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You are here: Home / Business Briefing / Shake-Up Revamps MS Entertainment
Shake-Up Revamps Microsoft's Entertainment Group
Shake-Up Revamps Microsoft's Entertainment Group
By Barry Levine / CRM Daily Like this on Facebook Tweet this Link thison Linkedin Link this on Google Plus
Microsoft's Entertainment and Devices (E&D) Group is getting a makeover. On Tuesday, the company announced that Robbie Bach, head of the consumer-focused unit since its launch in 2005, will retire this fall following more than two decades of employment at Microsoft.

In addition, J Allard, currently senior vice president of design and development for E&D, will also leave to become a strategic consultant to CEO Steve Ballmer. The division heads -- Don Mattrick at interactive entertainment and Andy Lees at mobile communications -- will report directly to Ballmer.

'A Point of Sadness'

E&D is one of five operating units at Microsoft and, in the last quarter, accounted for 11 percent of overall sales and three percent of the operating profit.

"Robbie's an amazing business person and close personal friend," Ballmer said, "which makes his departure a point of sadness for me." Bach, aged 48, told news media that he wants to spend more time with his family and his nonprofit work, which includes the Boys & Girls Clubs of America. He noted that his career has included participating in the launch of Office, Xbox and Xbox LIVE, the Halo franchise, Windows phones, and Zune.

Mattrick, the former president of Electronic Arts Worldwide Studios, has headed up interactive entertainment since the summer of 2007. David Treadwell, currently corporate vice president of live platform services, will take a new position as head of the core technology operation in interactive entertainment.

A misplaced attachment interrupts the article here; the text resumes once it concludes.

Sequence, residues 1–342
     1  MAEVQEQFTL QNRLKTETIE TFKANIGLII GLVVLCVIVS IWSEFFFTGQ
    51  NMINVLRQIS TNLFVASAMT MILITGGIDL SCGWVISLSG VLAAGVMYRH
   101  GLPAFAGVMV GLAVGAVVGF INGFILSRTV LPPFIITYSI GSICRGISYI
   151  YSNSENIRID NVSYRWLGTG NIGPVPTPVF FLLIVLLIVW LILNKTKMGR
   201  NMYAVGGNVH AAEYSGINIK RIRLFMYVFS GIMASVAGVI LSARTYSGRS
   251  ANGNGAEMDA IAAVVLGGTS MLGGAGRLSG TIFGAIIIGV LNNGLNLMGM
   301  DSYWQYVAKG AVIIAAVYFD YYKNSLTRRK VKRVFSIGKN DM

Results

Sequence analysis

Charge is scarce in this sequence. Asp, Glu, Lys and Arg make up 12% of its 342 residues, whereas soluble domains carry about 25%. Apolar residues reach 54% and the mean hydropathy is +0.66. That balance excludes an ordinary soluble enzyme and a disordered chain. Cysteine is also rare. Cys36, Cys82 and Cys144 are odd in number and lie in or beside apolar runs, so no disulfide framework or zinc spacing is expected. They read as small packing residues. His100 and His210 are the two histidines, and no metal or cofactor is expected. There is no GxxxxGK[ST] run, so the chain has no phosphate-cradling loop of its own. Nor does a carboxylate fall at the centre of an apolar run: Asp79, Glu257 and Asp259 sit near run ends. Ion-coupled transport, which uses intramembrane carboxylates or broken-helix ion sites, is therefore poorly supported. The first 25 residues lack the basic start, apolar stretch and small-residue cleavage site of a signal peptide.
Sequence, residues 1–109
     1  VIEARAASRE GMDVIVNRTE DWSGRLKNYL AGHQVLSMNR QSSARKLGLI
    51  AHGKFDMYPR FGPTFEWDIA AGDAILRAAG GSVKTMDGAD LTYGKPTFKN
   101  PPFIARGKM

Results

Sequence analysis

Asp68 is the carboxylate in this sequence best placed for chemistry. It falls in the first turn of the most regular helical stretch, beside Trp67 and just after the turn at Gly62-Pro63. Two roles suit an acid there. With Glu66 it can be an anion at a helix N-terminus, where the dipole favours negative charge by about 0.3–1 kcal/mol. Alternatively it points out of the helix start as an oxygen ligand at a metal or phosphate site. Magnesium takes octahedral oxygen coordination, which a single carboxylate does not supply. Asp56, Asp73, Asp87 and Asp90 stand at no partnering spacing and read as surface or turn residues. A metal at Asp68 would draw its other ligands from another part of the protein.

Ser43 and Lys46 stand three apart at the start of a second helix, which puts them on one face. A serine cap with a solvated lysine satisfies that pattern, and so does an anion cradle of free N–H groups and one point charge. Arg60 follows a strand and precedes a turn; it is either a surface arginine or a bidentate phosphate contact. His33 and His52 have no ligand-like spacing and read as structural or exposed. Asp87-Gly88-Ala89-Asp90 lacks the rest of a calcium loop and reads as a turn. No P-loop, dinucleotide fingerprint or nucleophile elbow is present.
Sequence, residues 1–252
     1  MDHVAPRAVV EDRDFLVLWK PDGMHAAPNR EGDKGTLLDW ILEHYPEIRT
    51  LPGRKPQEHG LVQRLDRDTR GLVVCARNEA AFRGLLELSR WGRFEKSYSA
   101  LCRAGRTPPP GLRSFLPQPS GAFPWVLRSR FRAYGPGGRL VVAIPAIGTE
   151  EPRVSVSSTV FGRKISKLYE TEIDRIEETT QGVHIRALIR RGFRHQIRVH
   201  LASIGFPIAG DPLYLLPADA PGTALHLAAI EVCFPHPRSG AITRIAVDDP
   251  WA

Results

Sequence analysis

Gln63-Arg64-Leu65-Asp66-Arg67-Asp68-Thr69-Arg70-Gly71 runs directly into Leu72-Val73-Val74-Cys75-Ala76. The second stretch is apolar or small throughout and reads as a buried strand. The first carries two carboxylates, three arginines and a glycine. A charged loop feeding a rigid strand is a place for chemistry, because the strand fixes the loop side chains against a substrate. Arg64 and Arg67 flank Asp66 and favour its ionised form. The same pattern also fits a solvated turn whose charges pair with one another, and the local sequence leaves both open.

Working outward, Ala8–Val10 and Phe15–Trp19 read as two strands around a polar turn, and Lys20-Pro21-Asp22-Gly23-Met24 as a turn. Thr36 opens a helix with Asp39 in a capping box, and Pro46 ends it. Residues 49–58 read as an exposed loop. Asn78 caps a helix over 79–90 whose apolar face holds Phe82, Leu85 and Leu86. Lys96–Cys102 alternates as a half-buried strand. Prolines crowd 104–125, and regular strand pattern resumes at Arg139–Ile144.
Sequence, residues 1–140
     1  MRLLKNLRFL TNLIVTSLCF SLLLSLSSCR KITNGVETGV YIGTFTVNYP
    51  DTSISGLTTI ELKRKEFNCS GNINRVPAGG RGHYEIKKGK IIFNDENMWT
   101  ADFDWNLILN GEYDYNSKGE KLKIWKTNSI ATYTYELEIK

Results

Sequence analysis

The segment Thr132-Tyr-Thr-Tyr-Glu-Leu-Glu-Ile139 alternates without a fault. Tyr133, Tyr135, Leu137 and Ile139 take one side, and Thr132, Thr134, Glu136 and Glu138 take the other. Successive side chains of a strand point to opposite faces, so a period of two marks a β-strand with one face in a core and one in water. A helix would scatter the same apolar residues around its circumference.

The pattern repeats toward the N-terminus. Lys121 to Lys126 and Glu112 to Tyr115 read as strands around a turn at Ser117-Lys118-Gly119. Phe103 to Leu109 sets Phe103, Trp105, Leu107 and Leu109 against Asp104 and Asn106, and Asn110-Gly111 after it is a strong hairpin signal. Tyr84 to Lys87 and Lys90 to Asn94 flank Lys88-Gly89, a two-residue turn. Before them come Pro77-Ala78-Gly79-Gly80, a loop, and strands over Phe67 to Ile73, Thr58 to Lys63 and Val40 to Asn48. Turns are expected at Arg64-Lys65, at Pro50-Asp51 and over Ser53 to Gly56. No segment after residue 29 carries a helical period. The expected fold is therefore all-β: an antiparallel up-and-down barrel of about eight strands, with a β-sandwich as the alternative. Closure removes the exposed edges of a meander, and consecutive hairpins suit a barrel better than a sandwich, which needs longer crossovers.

Lees has led mobile communications since early 2008, and oversaw the development of the new Kin phones optimized for social networking and of Windows Phone 7 Series.

While the Group's Xbox video-game console has been successful, there have also been a number of misses -- including the Zune portable media player and the lack of a strong entry into the tablet-computer market.

Windows 7, Project Natal

The company's rumored Courier tablet project had been stirring excitement for leaked innovative approaches to touch-based user interaction, but Microsoft has reportedly ended that endeavor before it released anything.

A Windows 7-based tablet device by Hewlett-Packard has also been scrapped, which some industry observers believe is due to HP's unhappiness with Windows 7's performance for touchscreens. HP is expected to release a revised tablet, using the webOS platform that it acquired when it recently bought Palm.

In the smartphone market, Research In Motion's BlackBerry, Google's Android, Apple's iPhone, and Nokia's Symbian are in the top four positions for operating systems in the U.S., while only 10 percent of smartphones in the U.S. use the Windows operating system. The Windows Phone 7 Series is scheduled for release by year's end.

E&D does have at least one exciting effort coming up, Project Natal. Launching in the fall, it takes the next step in video-game controllers -- right over the motion-sensing controller that helped make Nintendo's Wii a hit. It does away with the controller entirely, so that the user controls the console using body movements and voice.

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